This course surveys the broad terrain of law and the public's health. It covers both the "laws on the books" and the problems of actually implementing these laws in the often highly politicized and culturally sensitive context of health and behavior. Topics include the basic powers, duties and limitations of state health authorities in the United States; the epidemiological influence of law on health and health behavior; the global system of health governance; and the application of a human rights framework to health issues. Health topic areas covered include communicable diseases (HIV, SARS, emerging infections), tobacco, substance abuse, chronic diseases and infections. We will also devote considerable time to reading about and discussing how health is "socially constructed" and how stigma, economic self-interest and other cultural responses to disease complicate efforts to promote public health. Students will take an exam at the conclusion of the course. Both Law students and students seeking a Masters in Public Health will participate in the course. The course will be taught in a seven week block in the first half of the Fall. It will be followed by a seven week course in Empirical Legal Research Methods. (This Public Health Law course is a prerequisite for Public Health students enrolling in the Empirical Legal Research Course, but not for Law students.) A "flipped classroom" approach will be used, in which most of the lecture material will be presented in videos and other on-line materials and reading outside of class, and most of class time will be a discussion of public health law policy and issues.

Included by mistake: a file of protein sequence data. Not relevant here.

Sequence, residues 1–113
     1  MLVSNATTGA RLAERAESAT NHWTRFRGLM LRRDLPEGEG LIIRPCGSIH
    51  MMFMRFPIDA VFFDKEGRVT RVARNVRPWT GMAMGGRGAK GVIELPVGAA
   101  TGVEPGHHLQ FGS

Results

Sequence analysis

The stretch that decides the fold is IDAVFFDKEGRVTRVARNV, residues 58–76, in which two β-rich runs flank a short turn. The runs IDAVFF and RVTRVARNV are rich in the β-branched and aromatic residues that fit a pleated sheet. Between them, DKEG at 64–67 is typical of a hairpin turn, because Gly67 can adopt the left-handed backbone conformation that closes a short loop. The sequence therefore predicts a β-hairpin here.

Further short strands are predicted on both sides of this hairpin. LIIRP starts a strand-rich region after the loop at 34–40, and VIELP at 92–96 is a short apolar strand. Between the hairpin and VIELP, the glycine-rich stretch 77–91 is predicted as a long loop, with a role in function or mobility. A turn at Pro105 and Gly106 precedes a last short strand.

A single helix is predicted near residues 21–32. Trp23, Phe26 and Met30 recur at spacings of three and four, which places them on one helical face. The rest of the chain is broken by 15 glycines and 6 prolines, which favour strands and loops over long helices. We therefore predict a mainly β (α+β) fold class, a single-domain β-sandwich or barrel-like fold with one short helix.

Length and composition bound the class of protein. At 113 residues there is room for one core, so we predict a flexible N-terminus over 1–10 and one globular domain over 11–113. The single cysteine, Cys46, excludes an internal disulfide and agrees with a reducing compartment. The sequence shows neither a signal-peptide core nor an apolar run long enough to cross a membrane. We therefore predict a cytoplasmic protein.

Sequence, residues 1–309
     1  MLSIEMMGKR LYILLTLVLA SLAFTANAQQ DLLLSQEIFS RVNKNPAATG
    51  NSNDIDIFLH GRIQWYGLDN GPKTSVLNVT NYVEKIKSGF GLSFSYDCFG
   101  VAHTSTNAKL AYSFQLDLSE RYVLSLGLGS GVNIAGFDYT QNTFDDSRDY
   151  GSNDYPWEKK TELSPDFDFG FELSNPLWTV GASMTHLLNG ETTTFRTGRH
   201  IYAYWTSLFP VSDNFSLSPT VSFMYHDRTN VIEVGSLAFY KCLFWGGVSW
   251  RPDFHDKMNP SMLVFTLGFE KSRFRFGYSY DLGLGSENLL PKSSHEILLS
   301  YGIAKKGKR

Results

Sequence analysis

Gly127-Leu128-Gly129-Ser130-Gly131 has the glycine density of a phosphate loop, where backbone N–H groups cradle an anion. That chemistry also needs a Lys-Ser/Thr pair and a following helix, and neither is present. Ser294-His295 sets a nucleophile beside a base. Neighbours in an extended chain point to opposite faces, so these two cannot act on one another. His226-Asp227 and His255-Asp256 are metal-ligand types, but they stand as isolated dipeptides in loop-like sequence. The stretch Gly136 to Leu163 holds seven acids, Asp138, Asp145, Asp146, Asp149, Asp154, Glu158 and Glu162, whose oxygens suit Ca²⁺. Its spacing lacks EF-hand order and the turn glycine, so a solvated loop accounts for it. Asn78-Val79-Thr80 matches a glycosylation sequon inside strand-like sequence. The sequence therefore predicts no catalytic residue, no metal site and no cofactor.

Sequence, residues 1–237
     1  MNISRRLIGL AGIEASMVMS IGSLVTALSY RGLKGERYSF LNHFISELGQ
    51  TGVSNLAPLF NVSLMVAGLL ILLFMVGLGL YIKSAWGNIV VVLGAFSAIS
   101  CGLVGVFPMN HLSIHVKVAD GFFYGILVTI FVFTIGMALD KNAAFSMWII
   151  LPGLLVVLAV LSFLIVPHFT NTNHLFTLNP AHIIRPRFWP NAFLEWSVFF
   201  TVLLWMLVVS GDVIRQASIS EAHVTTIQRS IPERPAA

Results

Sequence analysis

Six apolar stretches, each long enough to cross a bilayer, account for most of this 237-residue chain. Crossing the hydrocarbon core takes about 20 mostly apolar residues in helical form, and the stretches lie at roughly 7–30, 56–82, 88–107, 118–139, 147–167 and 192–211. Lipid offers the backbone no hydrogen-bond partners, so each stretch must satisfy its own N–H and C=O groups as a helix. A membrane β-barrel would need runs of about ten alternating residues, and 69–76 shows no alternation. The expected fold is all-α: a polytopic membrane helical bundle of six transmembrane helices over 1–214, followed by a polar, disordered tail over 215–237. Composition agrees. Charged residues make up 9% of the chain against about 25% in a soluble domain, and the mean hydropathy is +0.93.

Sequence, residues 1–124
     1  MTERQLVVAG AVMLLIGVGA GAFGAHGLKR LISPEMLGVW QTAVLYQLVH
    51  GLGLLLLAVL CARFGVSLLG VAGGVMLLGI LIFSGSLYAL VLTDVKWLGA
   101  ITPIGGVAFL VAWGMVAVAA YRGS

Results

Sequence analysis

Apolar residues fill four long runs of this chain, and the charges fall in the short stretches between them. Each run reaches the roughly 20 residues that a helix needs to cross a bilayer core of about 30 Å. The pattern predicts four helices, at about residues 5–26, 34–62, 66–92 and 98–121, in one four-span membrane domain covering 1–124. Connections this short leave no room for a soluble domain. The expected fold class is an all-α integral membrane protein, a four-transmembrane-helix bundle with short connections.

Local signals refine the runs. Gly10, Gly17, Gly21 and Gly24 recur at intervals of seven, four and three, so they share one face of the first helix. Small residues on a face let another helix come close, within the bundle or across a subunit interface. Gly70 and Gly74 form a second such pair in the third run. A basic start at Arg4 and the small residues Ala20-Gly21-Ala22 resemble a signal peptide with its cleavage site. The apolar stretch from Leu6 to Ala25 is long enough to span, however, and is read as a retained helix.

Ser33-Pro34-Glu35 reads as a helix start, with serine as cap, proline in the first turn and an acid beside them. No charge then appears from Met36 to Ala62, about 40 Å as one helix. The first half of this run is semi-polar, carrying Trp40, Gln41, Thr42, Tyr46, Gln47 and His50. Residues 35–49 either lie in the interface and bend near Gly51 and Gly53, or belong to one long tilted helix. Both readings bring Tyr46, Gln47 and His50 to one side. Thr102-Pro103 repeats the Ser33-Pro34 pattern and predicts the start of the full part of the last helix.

|M 4:00-5:50 PM||Barrack 102||Meets every other Monday|
This course is offered as a ""hybrid"" course. Most students take it as an exam course. A limited number of students may take it as a writing seminar. Request course number 631 to take this course as an exam course. Request course number 954 to take this course as a writing seminar. The course will be taught in a seven week block in the first half of Spring 2022. NOTE 1: This course will have ""in person"" class meetings from 4 pm to 5:50 pm on Mondays beginning on January 10, 2022 and ending on March 7, 2022. Students will also be responsible for completing 2 hours per week of online ""asynchronous"" course content, and another 8 hours per week of ""out-of-class"" work in preparing readings, assignments, etc. NOTE 2: This will be one of four courses offered in collaboration with the College of Public Health as the basis for a Certificate in Public Health Law (pending approval). The other courses include Empirical Legal Research Methods offered by the Law School and two courses that will be offered by the College of Public Health (Multivariate Statistics and Health Law Research Project). Over the four course set, students will learn to conceptualize, design and conduct an evaluation research project. JD students who do not wish to get the Certificate will still be able to take the two law school courses, as part of the normal JD curriculum.
You may not register for this course if you are enrolled in or have already taken the following:
- LAW 0954 (Public Health Law (Can be taken concurrently with Empirical Legal Research Methods))